Mary Creagh is the shadow Secretary of State for Transport, and therefore speaks for Labour on the issue of rail fares. With what are called regulated fares – including commuters’ season tickets – set to rise by more than 5% in the New Year, there are swing votes to pick up from the discontent, especially in London and the South-East, and also across the former Metropolitan Counties.
Would you buy a used car from this man? Er, no
Ms Creagh has made a number of proposals – you can read her article on LabourList HERE – which have clearly struck a nerve with the Tories, to the extent that party chairman Grant “Spiv” Shapps has decided to counter them personally. However, and in this case we encounter a significantly sized however, Shapps has either got his facts wrong, or hasn’t bothered checking them in the first place.
Moreover, “Spiv” could quite easily have picked apart Ms Creagh’s statement “We’ll make it a legal right to get the cheapest fare” by pointing out that getting the cheapest fare is already within one’s rights – it is getting sales staff to offer it that is the problem, especially when it may involve splitting tickets mid-journey (such is the byzantine nature of the UK’s fare system).
So what did Shapps do? He did the first thing that came into his head, and pulled a whopper. “Without [a] hint of irony, Mary Creagh [note he does not tag her on his Tweet] makes [a] rail fare promise, YET Labour’s inflation-busting ticket prices [included an] 11% rise in their last year alone”. As regulated fares rose at the time at RPI plus 1%, that would have needed double-digit inflation.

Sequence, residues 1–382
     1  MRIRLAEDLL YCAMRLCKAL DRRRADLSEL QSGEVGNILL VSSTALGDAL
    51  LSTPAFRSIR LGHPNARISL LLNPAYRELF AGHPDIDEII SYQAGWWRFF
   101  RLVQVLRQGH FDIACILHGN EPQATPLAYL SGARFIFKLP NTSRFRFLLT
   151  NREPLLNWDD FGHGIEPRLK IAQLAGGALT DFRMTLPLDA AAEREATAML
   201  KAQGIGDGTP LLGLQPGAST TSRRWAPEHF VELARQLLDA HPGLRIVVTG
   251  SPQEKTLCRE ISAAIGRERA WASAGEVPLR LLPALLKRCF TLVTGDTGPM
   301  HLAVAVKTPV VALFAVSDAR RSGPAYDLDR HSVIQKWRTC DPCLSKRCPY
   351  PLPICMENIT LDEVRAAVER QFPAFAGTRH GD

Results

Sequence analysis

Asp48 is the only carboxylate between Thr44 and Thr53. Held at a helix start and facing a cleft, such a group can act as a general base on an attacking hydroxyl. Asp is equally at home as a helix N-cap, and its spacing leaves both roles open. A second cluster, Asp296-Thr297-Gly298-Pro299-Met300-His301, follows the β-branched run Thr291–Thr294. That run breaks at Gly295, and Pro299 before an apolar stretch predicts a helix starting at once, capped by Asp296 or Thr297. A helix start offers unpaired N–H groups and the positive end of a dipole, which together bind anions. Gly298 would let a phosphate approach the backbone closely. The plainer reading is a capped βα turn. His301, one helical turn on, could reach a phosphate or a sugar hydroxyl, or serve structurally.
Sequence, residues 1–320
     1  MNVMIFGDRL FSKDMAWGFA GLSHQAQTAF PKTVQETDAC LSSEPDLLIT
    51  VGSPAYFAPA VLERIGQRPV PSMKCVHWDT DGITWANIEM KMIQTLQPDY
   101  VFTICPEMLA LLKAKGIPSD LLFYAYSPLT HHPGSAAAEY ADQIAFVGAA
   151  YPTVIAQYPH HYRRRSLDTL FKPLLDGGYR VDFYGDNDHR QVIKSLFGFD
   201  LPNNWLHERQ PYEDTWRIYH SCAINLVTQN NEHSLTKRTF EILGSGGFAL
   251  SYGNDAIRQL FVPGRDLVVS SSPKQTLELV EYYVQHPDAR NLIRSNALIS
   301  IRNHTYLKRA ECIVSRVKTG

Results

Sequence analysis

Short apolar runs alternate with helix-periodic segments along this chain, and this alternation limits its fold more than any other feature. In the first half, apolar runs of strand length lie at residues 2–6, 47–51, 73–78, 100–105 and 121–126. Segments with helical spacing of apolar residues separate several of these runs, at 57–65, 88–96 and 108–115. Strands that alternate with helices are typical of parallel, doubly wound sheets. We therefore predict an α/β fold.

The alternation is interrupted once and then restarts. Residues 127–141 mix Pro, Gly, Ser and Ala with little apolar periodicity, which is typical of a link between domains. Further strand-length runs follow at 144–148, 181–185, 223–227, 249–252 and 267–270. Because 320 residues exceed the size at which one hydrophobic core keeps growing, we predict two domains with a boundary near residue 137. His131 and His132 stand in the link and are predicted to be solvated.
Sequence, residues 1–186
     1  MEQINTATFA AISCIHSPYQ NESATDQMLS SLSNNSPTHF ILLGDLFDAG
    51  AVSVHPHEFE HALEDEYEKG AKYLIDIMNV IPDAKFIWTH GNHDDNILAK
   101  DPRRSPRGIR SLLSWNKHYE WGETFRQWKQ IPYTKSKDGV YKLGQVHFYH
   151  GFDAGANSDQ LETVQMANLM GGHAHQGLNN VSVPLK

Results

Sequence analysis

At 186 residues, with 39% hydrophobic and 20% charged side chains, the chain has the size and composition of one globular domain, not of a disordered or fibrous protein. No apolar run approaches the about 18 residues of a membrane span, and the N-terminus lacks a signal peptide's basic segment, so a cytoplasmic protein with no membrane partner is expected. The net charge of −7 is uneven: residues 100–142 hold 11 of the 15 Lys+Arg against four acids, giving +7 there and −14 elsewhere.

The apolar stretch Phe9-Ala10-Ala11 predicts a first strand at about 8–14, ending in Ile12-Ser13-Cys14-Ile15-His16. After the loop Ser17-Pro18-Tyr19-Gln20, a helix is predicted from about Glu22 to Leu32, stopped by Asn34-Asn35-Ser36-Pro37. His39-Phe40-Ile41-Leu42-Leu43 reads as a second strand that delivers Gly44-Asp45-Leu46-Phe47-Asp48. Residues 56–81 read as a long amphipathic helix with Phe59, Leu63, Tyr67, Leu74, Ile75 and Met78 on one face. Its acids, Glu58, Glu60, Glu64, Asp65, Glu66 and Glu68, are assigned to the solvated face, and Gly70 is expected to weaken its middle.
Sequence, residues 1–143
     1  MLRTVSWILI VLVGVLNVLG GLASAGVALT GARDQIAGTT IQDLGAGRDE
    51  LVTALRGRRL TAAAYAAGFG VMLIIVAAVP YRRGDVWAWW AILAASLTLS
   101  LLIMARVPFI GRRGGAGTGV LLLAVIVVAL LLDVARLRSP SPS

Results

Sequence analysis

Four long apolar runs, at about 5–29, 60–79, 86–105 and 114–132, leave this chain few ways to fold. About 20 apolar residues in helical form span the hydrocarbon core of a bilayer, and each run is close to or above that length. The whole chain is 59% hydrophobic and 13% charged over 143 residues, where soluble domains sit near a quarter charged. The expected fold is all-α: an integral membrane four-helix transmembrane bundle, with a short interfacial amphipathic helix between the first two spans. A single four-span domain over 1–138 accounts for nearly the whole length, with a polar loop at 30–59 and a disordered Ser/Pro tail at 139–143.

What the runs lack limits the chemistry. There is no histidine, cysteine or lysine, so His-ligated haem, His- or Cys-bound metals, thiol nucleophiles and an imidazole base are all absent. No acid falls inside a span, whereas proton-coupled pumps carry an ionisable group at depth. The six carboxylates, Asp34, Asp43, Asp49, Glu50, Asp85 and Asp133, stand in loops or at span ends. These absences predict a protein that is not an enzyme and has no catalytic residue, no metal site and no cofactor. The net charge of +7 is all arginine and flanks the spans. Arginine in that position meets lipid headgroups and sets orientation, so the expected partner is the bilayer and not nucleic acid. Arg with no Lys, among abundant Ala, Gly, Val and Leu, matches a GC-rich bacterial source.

Spot the whopper
You may not have noticed that double-digit inflation, and this is because there wasn’t any. The last time the UK experienced such conditions was when Nigel Lawson was Chancellor and Mrs T was in 10 Downing Street. Perhaps Shapps was merely exaggerating? Ah well. Labour’s last year ended in May 2010, the inflation and fare rise numbers are known, and it is clear that exaggeration does not cover this one.
The 2010 fare rise was calculated on the basis of the July 2009 inflation figures, which, given that this was just after the financial crisis, were negative. In fact, it was sufficiently negative, at -1.4%, for the 2010 rise in regulated fares to also be negative. Yes, Labour’s last fare increase was not an increase at all: regulated fares actually fell, on average, at the start of 2010.
Small wonder, then, that “Spiv” Shapps didn’t tag Mary Creagh in his blatantly fraudulent Tweet. Once again, the Tory Party chairman has been caught with his trousers well alight. Fortunately, only one of his fellow MPs Retweeted him. To little surprise, that MP was (yes, it’s her again) Nadine Dorries. Mid Bedfordshire residents should be on guard next May for that one to be recycled.
Will Shapps withdraw and apologise? Will he heck. What a complete fraud.